The commonwealth planted its claim solely on the supposed change of domicile from Delaware to Louisville, and sought to apply the mobilia maxim by taxing the boats and barges at the assumed domicile in Louisville instead of at the corporate domicile in Delaware. But since the domicile of the corporation was not changed, the whole theory of the commonwealth falls to the ground. Ayer Lord Tie Co. v. Keown, Sheriff, 122 Ky. 580, 93 S.W. 588, 29 Law Rep. 110, 400; Commonwealth v. Consolidated Casualty Co., 170 Ky. 103, 185 S.W. 508; Southern Pacific Co. v. Kentucky, 222 U.S. 63, 32 S.Ct. 13, 56 L.Ed. 96. In considering and applying the older authorities (Bingham's Adm'r v. Com., 199 Ky. 402, 251 S.W. 936; Commonwealth v. West India Oil Co., 138 Ky. 828, 129 S.W. 301, 36 L.R.A. (N.S.) 295; Fidelity Col. Trust Co., Ex'r, v. City of Louisville, 245 U.S. 54, 38 S.Ct. 40, 62 L.Ed. 145, L.R.A. 1918C, 124; Commonwealth v. Avery Sons, 163 Ky. 828, 174 S.W. 518), attention must be directed to the later decisions of the Supreme Court of the United States which radically modify the reasoning and results of the earlier opinions. Farmers' Loan Trust Co. v. Minnesota, 280 U.S. 204, 50 S.Ct. 98, 74 L.Ed. 371, 65 A.L.R. 1000; Baldwin v. Missouri, 281 U.S. 586, 50 S.Ct. 436, 74 L.Ed. 1056, 72 A.L.R. 1303; First National Bank v. Maine, 284 U.S. 312, 52 S. Ct. 174, 76 L.Ed. 313. Plainly there is nothing in this record to justify the judgment assessing the boats and barges for taxation in Kentucky. The same principle equally excludes the open accounts from taxation in this state, unless they have established a business situs therein. Taxation is an intensely practical affair, and when capital is utilized to establish and maintain a local business of a permanent, as distinguished from a transitory character, which is managed and protected locally, it takes on the character of a local business, regardless of foreign ownership, and is treated as having a taxable situs in such locality. The credits extended to customers in the present instance constituted a mere incident of the main business of the corporation. They were uncollected charges for services rendered by the boats and barges in transporting freight. They acquired no separate situs for any purpose. No capital was invested or reinvested in the accounts, or employed in the local jurisdiction. The accounts resulted from the major activity. The right of the creditor to collect from its debtors did not bring the debts within the state of Kentucky in any such form or substance as to give them a taxable situs. Cleveland, P. A. Ry. Co. v. Pennsylvania, 15 Wall. 300, 21 L.Ed. 179; Kirtland v. Hotchkiss, 100 U.S. 491, 25 L.Ed. 558; New Orleans v. Stempel, 175 U.S. 309, 20 S.Ct. 110, 44 L.Ed. 174; Bristol v. Washington County, 177 U.S. 133, 20 S.Ct. 585, 44 L.Ed. 701; State Board of Assessors of Parish of Orleans v. Comptoir Nat., 191 U.S. 399, 24 S.Ct. 109, 48 L.Ed. 232; Liverpool London Globe Ins. Co. v. Board of Assessors, 221 U.S. 346, 31 S.Ct. 550, 55 L.Ed. 762, L.R.A. 1915C, 903. Assuming that the precedents just cited will be adhered to by the Supreme Court (cf. Beidler v. South Carolina Tax Commission, 282 U.S. 1, 51 S.Ct. 54, 75 L.Ed. 131), and accepting them to the limit of their logic, we get no farther than to recognize the principle that choses in action may acquire a taxable situs apart from the domicile of their owner, if they become integral parts of some local business. The doctrine, however, has no application to accounts receivable arising from a far-flung business, as distinguished from a local activity which involves the investment, re-investment, and management of capital assets and earnings at some permanent place. In order to create a business situs for the purpose of local taxation, something more must be shown than the mere presence of the account books and records in the state or the collection of charges for services performed elsewhere by the owner. Cases cited supra. Commonwealth v. R. G. Dunn Co., 126 Ky. 108, 102 S.W. 859, 31 Ky. Law Rep. 561, 10 L.R.A. (N.S.) 920; Commonwealth v. Northwestern Mutual Life Ins. Co., 107 S.W. 233, 32 Ky. Law Rep. 796; Commonwealth v. Avery Sons, 163 Ky. 828, 174 S.W. 518; City of Henderson v. Barret's Executor, 152 Ky. 648, 153 S.W. 992; Commonwealth v. Ky. Distilleries Warehouse Co., 143 Ky. 314, 136 S.W. 1032; Frick v. Pennsylvania, 268 U.S. 473, 45 S.Ct. 603, 69 L.Ed. 1058, 42 A.L.R. 316.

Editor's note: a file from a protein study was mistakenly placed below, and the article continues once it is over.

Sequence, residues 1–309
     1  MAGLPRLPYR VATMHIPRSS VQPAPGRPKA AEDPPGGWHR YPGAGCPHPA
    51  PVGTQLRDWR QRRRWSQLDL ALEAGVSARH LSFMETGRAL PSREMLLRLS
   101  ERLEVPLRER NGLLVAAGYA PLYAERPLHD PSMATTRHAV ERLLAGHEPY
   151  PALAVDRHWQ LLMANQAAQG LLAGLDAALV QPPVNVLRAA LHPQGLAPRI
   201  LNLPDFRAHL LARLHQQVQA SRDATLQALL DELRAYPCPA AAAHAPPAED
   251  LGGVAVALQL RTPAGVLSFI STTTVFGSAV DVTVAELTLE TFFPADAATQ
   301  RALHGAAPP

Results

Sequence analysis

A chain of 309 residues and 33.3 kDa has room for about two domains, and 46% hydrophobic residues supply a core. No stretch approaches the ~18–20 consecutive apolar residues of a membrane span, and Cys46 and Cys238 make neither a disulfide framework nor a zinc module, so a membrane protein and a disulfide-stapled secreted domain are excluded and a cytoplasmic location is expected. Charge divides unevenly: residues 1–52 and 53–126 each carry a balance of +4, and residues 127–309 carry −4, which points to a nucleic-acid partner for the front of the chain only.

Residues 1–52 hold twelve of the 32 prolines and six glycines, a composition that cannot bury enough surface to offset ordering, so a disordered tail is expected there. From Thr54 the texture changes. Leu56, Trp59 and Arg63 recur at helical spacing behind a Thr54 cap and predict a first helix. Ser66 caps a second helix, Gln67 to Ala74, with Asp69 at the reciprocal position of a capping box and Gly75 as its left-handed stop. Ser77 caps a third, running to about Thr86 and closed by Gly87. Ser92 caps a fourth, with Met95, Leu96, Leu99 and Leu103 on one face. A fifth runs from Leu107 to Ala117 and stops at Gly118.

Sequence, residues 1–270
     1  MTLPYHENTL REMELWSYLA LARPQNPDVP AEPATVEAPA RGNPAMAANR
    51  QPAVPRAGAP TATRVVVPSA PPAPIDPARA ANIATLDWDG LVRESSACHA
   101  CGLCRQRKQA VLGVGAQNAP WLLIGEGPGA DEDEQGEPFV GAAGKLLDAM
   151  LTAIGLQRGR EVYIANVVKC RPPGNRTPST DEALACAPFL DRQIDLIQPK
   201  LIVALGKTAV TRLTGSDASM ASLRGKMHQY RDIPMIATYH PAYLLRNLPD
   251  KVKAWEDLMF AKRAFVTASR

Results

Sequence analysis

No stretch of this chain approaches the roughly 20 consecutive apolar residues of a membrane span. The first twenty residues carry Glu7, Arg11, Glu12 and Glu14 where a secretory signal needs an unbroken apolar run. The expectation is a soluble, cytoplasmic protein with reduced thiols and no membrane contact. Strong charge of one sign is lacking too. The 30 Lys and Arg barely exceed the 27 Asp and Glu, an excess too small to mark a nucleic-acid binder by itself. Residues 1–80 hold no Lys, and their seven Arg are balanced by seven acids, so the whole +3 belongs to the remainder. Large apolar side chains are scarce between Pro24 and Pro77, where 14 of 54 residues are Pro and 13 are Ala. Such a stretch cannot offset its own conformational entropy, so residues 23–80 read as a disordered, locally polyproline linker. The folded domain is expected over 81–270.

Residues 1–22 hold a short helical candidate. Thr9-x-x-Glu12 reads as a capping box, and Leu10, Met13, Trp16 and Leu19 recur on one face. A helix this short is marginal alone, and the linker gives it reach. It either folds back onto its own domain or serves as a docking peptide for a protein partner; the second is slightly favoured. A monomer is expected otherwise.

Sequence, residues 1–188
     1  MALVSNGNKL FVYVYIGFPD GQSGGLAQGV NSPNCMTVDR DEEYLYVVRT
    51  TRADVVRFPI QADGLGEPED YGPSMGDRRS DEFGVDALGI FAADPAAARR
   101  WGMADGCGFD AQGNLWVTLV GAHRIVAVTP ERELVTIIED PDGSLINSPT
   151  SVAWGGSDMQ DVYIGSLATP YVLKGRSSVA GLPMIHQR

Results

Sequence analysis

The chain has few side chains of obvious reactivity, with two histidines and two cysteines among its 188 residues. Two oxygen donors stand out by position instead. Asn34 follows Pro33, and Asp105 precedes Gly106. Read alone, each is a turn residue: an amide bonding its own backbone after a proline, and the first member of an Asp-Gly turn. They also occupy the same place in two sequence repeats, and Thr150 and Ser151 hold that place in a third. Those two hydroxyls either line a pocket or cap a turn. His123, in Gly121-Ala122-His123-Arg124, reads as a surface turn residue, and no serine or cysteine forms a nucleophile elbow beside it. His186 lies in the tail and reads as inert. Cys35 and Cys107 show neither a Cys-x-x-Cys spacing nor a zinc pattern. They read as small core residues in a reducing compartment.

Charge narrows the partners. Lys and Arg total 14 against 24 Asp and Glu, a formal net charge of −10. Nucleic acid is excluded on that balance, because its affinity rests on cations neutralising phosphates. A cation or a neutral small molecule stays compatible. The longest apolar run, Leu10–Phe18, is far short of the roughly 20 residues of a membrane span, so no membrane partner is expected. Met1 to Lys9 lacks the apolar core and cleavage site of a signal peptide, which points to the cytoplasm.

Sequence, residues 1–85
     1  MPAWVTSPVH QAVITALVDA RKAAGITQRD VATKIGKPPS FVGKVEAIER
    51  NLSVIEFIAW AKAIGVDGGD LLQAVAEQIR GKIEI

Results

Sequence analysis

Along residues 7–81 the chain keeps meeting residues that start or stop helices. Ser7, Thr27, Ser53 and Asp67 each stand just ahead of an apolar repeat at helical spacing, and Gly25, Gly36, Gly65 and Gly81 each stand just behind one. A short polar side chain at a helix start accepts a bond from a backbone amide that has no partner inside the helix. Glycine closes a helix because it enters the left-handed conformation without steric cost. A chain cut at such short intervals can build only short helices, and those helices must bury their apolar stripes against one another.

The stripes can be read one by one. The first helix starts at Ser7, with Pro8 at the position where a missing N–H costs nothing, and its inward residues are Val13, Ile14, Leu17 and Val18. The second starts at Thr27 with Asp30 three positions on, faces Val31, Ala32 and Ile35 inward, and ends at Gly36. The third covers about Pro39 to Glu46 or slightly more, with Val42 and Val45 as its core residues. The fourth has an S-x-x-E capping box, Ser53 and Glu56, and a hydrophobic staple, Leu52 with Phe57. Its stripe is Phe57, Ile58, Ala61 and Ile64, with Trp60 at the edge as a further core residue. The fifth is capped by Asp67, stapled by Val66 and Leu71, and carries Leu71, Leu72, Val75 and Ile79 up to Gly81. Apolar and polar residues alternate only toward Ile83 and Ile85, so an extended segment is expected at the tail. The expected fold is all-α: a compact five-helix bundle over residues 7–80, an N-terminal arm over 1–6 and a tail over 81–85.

In the case of Beidler v. S.C. Tax Commission, 282 U.S. 1, 51 S.Ct. 54, 55, 75 L.Ed. 131, the Chief Justice said:

"But a conclusion that debts have thus acquired a business situs must have evidence to support it, and it is our province to inquire whether there is such evidence when the inquiry is essential to the enforcement of a right suitably asserted under the federal Constitution.

"In the present case, beyond the mere fact of stock ownership and the existence of the indebtedness, there is no evidence whatever, having any bearing upon the question, save a copy of the decedent's account with the corporation, taken from his books which were kept by him in his office at Chicago. The various items of debit and credit in this account, in the absence of any further evidence, add nothing of substance to the fact of the indebtedness as set forth in the agreed statement and afford no adequate basis for a finding that the indebtedness had a business situs in South Carolina."

In the present case it appears simply that the appellant had accounts against various customers which appeared upon its books on the assessment date. The domicile of the debtors, or the place where the credits were earned, are not shown, and nothing appears to localize the accounts. The absence of evidence to bring the accounts receivable within the purview of the cases which sustain taxation on the basis of a business situs is fatal to any argument predicated upon the assumption of such a situs.

Summarizing our conclusions, it must be held that the domicile of the corporation is in the state of Delaware where it was incorporated. Its personal property did not acquire a business situs in Kentucky. It operated boats and barges over a large territory upon navigable waters, transporting by contract the property of its customers. Its charges for the services were entered upon its books as open accounts, to be collected in due course and used in the business. It is not shown when or where the boats and barges were in Kentucky or that they had acquired any particular habitation apart from the owners' domicile. The idea of location in Kentucky is rebutted by the nature of the business and the domain of its operations. In such situation neither the tangible property nor the open accounts were within the jurisdiction of the state, or subject to its power of taxation.

The judgment is reversed, for proceedings not inconsistent with the opinion.

Whole court sitting.